As Illinois nears the end of the first year of the Religious Freedom Protection and Civil Union Act, the General Assembly is gearing up for a debate about same-sex marriage. Civil unions may grant same-sex couples many of the same rights and responsibilities that a married couple has — including the right to divorce — but, for proponents, it is not marriage. This is not the only state dealing with the issue, either.
Legal analysts and policy wonks expect to see the issue at the U.S. Supreme Court soon. At least two federal appellate cases have garnered national attention. Because they approach the issue from two different perspectives — one looking at state law, the other at federal law — there’s no reason both couldn’t appear on the docket this term or next.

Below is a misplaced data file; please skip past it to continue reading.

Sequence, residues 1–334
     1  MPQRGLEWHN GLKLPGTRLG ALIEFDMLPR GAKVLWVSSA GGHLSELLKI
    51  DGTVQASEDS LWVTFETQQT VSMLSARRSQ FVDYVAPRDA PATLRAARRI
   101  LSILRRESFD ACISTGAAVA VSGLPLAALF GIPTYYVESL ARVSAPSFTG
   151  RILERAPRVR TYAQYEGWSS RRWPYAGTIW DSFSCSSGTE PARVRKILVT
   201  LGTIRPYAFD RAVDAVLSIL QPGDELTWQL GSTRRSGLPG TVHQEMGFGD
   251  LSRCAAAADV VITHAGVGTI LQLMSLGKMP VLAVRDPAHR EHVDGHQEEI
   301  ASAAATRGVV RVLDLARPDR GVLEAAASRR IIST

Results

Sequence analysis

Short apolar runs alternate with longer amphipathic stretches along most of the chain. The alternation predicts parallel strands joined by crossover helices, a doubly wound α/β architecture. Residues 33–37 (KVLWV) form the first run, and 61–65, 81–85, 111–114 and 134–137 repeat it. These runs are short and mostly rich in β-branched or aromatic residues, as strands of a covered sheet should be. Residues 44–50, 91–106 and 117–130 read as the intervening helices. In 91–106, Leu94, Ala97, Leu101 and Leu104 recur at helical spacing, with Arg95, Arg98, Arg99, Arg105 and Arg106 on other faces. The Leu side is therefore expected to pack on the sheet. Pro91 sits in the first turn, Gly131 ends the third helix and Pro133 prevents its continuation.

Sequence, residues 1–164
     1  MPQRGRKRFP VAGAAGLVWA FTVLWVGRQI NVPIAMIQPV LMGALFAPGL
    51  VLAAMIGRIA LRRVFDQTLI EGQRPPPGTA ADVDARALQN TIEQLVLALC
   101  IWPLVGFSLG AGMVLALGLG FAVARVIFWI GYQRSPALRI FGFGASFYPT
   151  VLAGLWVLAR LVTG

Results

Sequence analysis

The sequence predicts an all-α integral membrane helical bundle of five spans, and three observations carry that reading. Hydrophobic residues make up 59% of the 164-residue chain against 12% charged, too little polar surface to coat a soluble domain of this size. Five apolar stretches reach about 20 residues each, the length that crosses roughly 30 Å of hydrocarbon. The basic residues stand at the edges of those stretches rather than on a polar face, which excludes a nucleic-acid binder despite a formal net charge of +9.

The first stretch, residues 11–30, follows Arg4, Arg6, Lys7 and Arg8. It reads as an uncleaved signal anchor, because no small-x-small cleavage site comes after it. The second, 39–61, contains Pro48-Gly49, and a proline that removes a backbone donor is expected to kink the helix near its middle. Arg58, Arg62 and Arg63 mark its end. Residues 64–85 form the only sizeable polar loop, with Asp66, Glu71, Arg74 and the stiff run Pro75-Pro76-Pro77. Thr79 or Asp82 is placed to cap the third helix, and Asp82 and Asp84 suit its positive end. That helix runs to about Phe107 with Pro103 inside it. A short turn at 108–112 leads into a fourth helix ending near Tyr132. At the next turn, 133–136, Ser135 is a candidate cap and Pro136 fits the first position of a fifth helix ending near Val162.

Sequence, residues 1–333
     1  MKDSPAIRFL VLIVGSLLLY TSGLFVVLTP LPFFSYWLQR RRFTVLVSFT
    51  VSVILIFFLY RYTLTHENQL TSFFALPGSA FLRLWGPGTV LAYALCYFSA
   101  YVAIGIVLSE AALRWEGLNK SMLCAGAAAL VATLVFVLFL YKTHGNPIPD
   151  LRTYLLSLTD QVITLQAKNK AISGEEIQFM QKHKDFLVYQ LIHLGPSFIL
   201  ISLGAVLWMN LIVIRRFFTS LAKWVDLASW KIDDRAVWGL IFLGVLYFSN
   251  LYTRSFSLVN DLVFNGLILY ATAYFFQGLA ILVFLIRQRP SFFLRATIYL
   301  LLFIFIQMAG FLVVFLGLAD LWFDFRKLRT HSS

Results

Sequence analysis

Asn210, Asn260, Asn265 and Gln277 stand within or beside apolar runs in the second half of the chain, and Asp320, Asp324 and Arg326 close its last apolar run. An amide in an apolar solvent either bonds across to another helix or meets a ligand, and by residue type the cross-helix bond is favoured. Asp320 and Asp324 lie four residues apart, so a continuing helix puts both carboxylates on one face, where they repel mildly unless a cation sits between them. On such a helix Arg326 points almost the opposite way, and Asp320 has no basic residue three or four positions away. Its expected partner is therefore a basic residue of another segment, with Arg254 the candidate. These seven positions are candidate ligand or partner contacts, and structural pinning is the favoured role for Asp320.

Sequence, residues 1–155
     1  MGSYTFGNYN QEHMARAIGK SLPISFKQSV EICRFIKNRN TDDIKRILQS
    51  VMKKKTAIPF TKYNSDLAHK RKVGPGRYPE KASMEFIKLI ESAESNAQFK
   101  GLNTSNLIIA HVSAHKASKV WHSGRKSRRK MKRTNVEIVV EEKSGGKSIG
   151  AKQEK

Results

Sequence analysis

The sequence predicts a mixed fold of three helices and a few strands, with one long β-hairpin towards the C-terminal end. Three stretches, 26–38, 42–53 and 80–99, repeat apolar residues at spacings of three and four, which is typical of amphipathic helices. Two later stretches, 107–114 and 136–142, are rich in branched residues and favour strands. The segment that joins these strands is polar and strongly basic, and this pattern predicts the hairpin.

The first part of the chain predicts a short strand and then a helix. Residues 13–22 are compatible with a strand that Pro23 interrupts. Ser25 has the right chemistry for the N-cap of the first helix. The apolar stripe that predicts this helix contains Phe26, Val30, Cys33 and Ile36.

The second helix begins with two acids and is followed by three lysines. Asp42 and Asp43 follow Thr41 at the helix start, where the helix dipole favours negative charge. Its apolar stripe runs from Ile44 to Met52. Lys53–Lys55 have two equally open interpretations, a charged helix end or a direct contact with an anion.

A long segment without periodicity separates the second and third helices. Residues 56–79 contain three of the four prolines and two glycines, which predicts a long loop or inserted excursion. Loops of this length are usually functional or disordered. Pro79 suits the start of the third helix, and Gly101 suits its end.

The first case is a challenge to California’s Proposition 8, the 2008 ballot initiative that added a constitutional amendment limiting marriage to one man and one woman. The recent decision by the 9th U.S. Circuit Court of Appeals may have spurred Illinois lawmakers to file the same-sex marriage bill a year ahead of plan. The appellate panel agreed with the lower court that Prop 8 is unconstitutional.
The decision was narrowly tailored to that state’s constitution. In 2008, before Prop 8, the state’s Supreme Court had determined that the state constitution guaranteed gays and lesbians “both the incidents and status and dignity of marriage.” Prop 8 would have eliminated the status of marriage without eliminating the incidents of marriage, the majority said, and proponents of the amendment did not convince them that there was a rational basis to do so.
Again, the decision was narrow in its scope. The panel did not say that same-sex couples have the absolute right to marry under the constitution.
To be continued.
Source: Law.com, “High court in marriage cross hairs,” Marcia Coyle, Feb. 13, 2012